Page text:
These are provisional estimates that assume that the pattern of occurrences can be predicted based on experience in previous years. The estimate for the most recent week always has a wider margin of error than for earlier weeks, so it should be treated with caution.

Figure 3: Total deaths from all causes were above the five-year average in Week 24

Number of deaths registered by week, England and Wales, 28 December 2019 to 18 June 2021

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Notes:
  1. Figures include deaths of non-residents.
  2. Based on date a death was registered rather than occurred.
  3. All figures for 2020 and 2021 are provisional.
  4. The International Classification of Diseases, 10th Edition (ICD-10) definitions are available in the Measuring the data section.
  5. The number of deaths registered in a week are affected when bank holidays occur.
  6. The average for 2015 to 2019 provides a comparison of the number of deaths expected per week in a usual (non-pandemic) year.
Download this chart

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Analysis in this section includes deaths from Week 11 of 2020 (week ending 13 March 2020, the week of the first registration of a death involving COVID-19) through to Week 24 of 2021 (week ending 18 June 2021), to ensure full coverage of the ongoing coronavirus pandemic.

Using the most up-to-date data we have available, the number of deaths from the week ending 13 March 2020 up to 18 June 2021 was 784,109 in England and Wales. Of these, 140,423 (17.9%) mentioned COVID-19 on the death certificate. During this period, the number of excess deaths above the five-year average was 104,128 deaths.

In England, the number of deaths between the weeks ending 13 March 2020 and 18 June 2021 was 735,439; of these, 132,340 deaths (18.0%) mentioned COVID-19. This was 100,237 deaths above the five-year average.

In Wales, the number of deaths for the same period was 47,714; of these, 7,899 deaths (16.6%) mentioned COVID-19. This was 4,906 deaths above the five-year average.

More about coronavirus

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3. Deaths registered by age group

In Week 24 (week ending 18 June 2021), the number of deaths involving coronavirus (COVID-19) in England and Wales decreased or was similar in the majority of the five-year age groups compared with Week 23.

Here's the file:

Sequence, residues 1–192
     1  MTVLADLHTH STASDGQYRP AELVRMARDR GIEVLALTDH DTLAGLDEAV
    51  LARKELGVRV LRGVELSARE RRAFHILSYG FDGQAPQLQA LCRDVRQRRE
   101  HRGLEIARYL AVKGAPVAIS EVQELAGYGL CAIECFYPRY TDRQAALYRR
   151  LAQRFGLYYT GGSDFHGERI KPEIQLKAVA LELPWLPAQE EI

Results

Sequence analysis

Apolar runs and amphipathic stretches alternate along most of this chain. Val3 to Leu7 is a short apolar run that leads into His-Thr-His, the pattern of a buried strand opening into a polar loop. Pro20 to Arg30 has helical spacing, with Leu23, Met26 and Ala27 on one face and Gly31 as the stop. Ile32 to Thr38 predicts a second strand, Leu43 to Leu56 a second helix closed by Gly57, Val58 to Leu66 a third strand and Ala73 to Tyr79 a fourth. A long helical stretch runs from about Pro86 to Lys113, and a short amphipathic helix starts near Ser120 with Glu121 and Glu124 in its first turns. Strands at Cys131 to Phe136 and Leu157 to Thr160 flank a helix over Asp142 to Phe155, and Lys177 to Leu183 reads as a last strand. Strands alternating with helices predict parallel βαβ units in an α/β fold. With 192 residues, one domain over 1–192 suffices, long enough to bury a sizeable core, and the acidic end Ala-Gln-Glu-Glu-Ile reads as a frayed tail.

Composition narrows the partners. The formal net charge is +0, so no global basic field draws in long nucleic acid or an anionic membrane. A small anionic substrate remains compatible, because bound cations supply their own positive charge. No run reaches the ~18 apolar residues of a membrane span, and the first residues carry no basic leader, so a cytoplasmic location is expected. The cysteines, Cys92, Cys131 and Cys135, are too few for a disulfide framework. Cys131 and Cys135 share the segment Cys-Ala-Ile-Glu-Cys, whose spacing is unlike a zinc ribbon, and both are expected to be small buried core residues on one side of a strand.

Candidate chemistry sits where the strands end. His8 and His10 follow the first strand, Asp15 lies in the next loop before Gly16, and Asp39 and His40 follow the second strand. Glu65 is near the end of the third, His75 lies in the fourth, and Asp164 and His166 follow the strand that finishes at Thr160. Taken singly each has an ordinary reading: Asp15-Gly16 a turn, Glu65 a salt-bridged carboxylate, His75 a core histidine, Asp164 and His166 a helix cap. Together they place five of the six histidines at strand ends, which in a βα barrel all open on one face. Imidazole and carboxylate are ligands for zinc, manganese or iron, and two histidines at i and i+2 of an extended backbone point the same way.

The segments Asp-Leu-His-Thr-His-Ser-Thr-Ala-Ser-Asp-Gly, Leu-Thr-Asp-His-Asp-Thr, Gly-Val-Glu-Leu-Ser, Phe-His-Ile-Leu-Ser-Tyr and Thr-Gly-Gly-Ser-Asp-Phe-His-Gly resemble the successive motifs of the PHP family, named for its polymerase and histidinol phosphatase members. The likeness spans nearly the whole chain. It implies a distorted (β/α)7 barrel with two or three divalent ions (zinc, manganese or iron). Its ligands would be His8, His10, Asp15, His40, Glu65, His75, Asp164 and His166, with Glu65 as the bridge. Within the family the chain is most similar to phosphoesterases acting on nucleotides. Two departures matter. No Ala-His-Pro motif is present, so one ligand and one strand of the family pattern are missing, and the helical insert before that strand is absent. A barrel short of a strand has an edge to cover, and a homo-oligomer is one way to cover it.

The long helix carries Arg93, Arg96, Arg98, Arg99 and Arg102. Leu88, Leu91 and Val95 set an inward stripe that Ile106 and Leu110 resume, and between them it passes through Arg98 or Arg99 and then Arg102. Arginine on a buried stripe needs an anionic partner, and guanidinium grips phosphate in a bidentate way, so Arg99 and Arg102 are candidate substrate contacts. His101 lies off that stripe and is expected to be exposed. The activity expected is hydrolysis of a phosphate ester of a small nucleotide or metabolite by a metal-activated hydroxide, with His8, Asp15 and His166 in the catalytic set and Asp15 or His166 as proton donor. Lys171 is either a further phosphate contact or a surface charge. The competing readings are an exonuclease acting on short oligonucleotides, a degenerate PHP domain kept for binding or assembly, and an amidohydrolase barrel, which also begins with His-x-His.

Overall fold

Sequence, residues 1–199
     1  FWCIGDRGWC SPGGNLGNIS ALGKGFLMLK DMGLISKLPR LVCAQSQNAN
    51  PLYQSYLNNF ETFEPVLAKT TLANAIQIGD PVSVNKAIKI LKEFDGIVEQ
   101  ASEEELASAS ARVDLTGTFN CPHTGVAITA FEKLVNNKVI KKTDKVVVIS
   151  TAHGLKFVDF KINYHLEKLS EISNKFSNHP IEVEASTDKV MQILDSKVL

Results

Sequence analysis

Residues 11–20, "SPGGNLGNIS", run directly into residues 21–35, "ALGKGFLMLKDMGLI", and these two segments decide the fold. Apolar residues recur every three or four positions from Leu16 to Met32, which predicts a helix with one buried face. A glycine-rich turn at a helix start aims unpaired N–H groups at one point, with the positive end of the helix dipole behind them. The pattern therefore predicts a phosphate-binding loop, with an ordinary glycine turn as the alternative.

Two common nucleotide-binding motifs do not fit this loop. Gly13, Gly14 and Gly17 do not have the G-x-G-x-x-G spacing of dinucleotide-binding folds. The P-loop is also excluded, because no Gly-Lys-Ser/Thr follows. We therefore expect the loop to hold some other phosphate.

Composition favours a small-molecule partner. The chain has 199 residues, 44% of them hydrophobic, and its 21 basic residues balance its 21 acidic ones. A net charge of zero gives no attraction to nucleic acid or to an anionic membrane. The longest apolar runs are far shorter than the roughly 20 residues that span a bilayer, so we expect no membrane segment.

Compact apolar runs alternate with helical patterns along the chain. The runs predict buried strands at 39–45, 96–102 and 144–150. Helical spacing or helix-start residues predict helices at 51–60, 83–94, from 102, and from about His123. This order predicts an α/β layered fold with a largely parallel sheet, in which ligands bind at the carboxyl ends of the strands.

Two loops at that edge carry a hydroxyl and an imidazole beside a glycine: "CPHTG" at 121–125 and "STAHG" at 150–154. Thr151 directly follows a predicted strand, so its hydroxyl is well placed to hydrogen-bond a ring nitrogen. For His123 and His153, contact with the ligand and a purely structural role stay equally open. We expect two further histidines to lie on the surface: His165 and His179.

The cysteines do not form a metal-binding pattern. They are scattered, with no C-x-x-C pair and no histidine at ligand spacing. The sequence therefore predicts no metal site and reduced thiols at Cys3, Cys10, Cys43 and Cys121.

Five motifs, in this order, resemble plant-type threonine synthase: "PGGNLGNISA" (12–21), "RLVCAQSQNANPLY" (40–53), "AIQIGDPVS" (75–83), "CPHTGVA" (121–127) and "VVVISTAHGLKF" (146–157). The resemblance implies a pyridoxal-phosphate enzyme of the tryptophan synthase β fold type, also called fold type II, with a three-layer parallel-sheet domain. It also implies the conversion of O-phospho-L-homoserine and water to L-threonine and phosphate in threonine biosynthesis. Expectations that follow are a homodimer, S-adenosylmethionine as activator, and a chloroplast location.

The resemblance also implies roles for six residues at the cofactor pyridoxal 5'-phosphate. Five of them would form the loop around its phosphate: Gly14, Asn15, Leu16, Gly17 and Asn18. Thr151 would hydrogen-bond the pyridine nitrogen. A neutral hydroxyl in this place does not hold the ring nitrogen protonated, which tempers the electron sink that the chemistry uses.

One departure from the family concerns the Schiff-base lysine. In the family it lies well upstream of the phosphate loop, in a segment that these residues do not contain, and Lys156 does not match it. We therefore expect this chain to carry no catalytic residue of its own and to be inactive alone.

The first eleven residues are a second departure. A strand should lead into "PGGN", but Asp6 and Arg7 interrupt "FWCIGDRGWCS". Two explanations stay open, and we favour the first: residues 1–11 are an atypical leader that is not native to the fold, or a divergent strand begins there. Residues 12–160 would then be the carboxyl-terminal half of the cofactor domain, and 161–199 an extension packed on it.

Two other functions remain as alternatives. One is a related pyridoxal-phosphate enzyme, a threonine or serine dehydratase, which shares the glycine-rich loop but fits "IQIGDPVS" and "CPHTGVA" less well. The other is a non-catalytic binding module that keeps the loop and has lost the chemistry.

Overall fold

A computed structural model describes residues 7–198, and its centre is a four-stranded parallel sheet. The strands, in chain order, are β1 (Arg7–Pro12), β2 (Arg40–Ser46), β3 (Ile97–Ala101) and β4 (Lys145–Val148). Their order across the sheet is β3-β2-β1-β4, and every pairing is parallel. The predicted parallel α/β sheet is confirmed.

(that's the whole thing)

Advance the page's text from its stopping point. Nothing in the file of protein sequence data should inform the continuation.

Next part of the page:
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4. Deaths by region in England and Wales

Figure 5: The number of deaths in Week 24 was lower than the five-year average in Wales and three of the English regions

Number of deaths in Wales and regions of England, registered between 28 December 2019 and 18 June 2021

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Notes:
  1. Based on area of usual residence. Geographical boundaries are based on the most up-to-date information available at the time of publication.
  2. Figures exclude deaths of non-residents.
  3. Based on date a death was registered rather than occurred.
  4. All figures for 2020 and 2021 are provisional.
  5. The International Classification of Diseases, 10th Edition (ICD-10) definitions are available in the Measuring the data section.
  6. The number of deaths registered in a week are affected when bank holidays occur.
  7. The average for 2015 to 2019 provides a comparison of the number of deaths expected per week in a usual (non-pandemic) year.
Download this chart

.xlsx

In Week 24 (week ending 18 June 2021), the total number of deaths registered was lower than the five-year average in Wales (2.6% fewer deaths) but higher than the five-year average in the majority of the English regions (Figure 5). The English regions lower than the five-year average were the West Midlands (5.1% fewer deaths), East of England (1.8% fewer deaths) and London (5.6% fewer deaths).

Deaths involving coronavirus (COVID-19) decreased only in Wales (1 fewer death) compared with Week 23, while deaths involving COVID-19 increased in the North West, Yorkshire and The Humber, East Midlands, West Midlands and the South East (with no change in the remaining regions). The largest increase was reported in the North West (7 more deaths). More detailed geographical analysis can be found in our Monthly mortality analysis release.

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5. Deaths registered by place of occurrence

Between Weeks 23 and 24, the number of deaths involving coronavirus (COVID-19) increased in private homes (4 more), hospitals (10 more), care homes (3 more) and elsewhere (1 more). There was no change in the number of deaths involving COVID-19 in hospices and other communal establishments. Deaths involving COVID-19 in hospitals as a proportion of all deaths in hospitals increased to 1.8% in Week 24 (1.4% in Week 23). Deaths involving COVID-19 in care homes accounted for 0.9% of all deaths in care homes.

Detailed analysis on deaths of care home residents is available in Deaths involving COVID-19 in the care sector, England and Wales: deaths registered between week ending 20 March 2020 and week ending 2 April 2021.

From Week 1 2021 (week ending 8 January 2021) onwards, we have published a dataset of weekly deaths of care home residents.

As well as the Office for National Statistics (ONS) data, the Care Quality Commission (CQC) provides numbers of deaths involving COVID-19 in care homes in England that are based on the date the death was notified to the CQC. From 10 April 2020 (the first day when data were collected using the CQC’s new method of identifying deaths involving COVID-19) to 25 June 2021, there were 29,447 deaths of residents in care homes involving COVID-19. Of these deaths, 4 were notified in the week up to 25 June 2021. More information on the data provided by the CQC can be found in our joint transparency statement.